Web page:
I was going to keep quiet, I swear I was. I spent all day scrolling past Facebook posts from those vowing to boycott the NFL, ranting about the disrespect that these players are showing the Greatest Country In The World and all those that have fought and died for it.
I was going to, but I can’t. Maybe it’s the bourbon talking, but I can’t.
I stand for the National Anthem. My daughter stands for the National Anthem, even if it’s in our living room. She stands and I do too, because if I’m going to stand at the ball park, at the stadium, I should be standing at home also. Everything that the song stands for, that the flag stand for, it’s just as important here as it is anywhere else.
It’s what that flag, what that song stands for, that seems to have people divided. For some it’s irrevocably connected to the military, to the brave men and women who fight to protect it. To them, kneeling is a slap in the face to those soldiers. I don’t see it that way, but I get it, I understand why you’re upset.
What I don’t understand is the inability to recognize that not everybody makes that same correlation. The National Anthem doesn’t make me think of our military. I know it’s a military song, written after an American victory during the Battle of Baltimore during the war of 1812, but I’d like to think it’s a little bit more than that. Regardless of it’s origins, of it’s lyrics, to me the Star Spangled Banner, the flag itself, mean freedom, freedoms that we have here that others don’t.
One of those freedoms is to display displeasure with our country, with our leaders, with public policy without threat of repercussion. To be able to say “I don’t agree with this” and in theory for our elected officials to listen to those words and take them into consideration.
It doesn’t always work that way, those elected instead following whatever their political party decides instead of what their constituents want, but that is what is supposed to happen. That is what is supposed to happen and that is the foundation of democracy. The most real threat to our democracy, to the ideals that our country is supposed to be about is exactly that, the thing that we as Americans should be the most upset about, is that the people we elect to represent us don’t do that, don’t listen to what we are saying, don’t care what we have to say.
Colin Kaepernick had something to say. Whether or not you agree with what he had to say or how he choose to say it, he had something to say and other professional athletes followed his lead. They decided that there were things happening that they didn’t think should be happening in our country and decided to say so.
This is what that song they sat through is to me. Their right to do so. In a lot of other places they wouldn’t be allowed to do that, and that is what makes us better, makes us America.
Today a lot of NFL players kneeled when The National Anthem was played. Some of them would have kneeled anyway, a peaceful protest of what they see as injustice in our country. Many more of them kneeled because they were told that they shouldn’t, our President tweeting that these “sons of bitches” should be fired, later doubling down and saying that they should be suspended, that the NFL needs to do something to stop this.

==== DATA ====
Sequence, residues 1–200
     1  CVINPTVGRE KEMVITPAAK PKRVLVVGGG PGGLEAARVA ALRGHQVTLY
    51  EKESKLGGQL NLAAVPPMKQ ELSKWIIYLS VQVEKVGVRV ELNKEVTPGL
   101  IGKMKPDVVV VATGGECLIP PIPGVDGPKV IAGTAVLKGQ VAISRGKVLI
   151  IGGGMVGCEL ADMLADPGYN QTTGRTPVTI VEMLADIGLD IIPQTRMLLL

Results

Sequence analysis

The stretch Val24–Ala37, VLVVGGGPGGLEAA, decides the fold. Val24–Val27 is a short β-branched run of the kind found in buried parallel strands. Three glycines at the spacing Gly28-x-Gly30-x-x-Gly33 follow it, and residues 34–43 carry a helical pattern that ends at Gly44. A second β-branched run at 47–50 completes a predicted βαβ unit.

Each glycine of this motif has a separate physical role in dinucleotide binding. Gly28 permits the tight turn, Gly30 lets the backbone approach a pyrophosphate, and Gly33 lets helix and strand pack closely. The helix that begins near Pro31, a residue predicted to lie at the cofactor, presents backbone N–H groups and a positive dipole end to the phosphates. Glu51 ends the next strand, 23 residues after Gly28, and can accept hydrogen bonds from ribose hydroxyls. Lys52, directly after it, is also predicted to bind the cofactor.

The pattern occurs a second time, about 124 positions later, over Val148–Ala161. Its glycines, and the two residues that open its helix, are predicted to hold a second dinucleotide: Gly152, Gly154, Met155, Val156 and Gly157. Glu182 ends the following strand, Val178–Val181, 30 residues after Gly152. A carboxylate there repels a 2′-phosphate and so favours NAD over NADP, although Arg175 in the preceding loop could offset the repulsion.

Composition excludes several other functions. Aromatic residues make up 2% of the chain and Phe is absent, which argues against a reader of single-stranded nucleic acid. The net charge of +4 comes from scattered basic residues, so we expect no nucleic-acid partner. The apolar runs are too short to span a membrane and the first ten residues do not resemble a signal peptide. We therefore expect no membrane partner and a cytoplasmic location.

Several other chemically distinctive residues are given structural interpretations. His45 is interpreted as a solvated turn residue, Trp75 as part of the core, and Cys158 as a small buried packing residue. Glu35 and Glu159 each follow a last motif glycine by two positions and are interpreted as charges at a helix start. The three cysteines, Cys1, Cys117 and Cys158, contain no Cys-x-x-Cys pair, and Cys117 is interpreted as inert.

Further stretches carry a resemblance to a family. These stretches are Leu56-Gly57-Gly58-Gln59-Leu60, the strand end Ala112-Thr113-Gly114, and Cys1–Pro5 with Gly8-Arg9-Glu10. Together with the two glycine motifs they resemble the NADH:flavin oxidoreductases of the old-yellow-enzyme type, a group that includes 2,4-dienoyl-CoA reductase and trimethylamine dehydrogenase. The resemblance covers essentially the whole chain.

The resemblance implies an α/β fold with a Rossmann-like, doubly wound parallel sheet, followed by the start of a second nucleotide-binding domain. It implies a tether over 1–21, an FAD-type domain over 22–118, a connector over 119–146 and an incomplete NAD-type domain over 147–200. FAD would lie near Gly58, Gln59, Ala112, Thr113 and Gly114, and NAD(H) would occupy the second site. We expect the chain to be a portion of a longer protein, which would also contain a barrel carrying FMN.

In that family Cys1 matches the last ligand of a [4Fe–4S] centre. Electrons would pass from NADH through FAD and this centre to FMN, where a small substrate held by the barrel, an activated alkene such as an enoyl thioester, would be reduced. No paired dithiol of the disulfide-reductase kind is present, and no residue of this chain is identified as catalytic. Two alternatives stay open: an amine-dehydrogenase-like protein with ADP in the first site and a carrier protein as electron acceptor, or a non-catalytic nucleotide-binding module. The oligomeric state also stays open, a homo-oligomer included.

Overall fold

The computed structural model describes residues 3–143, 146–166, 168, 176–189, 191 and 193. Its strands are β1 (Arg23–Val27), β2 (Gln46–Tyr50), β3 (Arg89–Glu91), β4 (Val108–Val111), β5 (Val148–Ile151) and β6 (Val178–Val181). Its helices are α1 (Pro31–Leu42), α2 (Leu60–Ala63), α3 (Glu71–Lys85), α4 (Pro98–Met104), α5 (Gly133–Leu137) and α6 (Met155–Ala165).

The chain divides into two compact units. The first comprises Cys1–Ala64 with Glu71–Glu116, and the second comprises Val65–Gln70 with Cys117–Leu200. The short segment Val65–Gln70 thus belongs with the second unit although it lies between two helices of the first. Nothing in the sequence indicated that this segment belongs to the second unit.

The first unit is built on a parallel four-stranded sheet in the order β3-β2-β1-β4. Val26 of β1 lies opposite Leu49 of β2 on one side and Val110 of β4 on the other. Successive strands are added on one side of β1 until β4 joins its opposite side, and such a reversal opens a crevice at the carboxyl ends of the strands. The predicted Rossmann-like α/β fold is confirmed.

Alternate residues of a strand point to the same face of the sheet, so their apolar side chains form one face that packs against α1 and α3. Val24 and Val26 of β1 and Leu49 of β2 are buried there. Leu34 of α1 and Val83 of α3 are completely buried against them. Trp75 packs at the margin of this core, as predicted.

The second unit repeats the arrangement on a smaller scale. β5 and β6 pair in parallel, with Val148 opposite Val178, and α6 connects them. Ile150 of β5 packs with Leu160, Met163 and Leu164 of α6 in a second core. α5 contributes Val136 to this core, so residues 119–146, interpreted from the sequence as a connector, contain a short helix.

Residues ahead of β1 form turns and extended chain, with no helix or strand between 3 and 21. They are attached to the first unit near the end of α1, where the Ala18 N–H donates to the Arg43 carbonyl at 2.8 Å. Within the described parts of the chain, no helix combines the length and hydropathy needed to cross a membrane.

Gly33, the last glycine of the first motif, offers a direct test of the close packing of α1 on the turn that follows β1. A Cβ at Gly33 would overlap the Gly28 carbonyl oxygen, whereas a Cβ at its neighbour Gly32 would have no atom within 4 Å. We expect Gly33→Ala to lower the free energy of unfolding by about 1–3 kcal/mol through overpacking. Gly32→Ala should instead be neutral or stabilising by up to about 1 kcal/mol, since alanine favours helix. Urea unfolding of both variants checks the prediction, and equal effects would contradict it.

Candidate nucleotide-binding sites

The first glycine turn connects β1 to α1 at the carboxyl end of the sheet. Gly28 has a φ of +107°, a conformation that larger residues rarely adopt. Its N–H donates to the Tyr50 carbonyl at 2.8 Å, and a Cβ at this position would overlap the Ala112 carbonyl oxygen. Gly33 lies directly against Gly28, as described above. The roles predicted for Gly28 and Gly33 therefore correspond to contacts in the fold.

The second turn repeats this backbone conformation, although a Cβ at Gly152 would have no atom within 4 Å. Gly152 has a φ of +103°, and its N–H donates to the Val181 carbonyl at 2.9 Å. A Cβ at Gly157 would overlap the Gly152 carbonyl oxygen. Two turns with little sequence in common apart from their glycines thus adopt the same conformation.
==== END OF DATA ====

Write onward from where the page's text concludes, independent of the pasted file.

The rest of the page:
I disagree but feel strongly that it is his right to voice this opinion. Just as I feel strongly that he doesn’t get to tell them that they can’t.
I feel that way because that is what this country is supposed to be. A place where we are allowed to disagree. If the NFL wants to negotiate a rule where players are required to stand and the Player’s Union agrees to this rule, than yes, they need to stand. Personal liberty sometimes is negated by the rules of your employment.
That presently isn’t the case.
I have friends, people that I consider brothers to me, in the military. I would not take disrespect to them lightly. Every professional football game that I have attended has included a tribute to our veterans, returned heroes honored and applauded. Nobody claps louder than I do. I’ve lost friends who were defending our country overseas. I don’t think of them when I hear The Star Spangled Banner, I think of them when I hear Taps. I think of them and I cry. I cry and I thank them for the sacrifice they made so that we can continue to be a country where we are allowed to make our opinions known.
This world is a dark place, bad things happening all over. Nobody can be outraged by it all, we choose the issues that matter to us and we try and do what we can to change that. I’m a white, middle classed male in Connecticut, my issues are going to be different from those of the athletes that I will continue to watch every Sunday and I realize that.
I realize that but in the America that I stand up and recognize every time that anthem plays I don’t get to tell anybody else what is important to them. I don’t get to pretend to understand their point of view, to tell them what they should be doing to try and change the things they want to change.
I stand up for that song because it means that they are allowed to kneel and to me that is what makes our country great. If you want to boycott the NFL, to not watch the games because these players are exorcising their rights to peaceful protest, that’s your right too. I won’t judge you.
I won’t judge you because that is what that song means to me.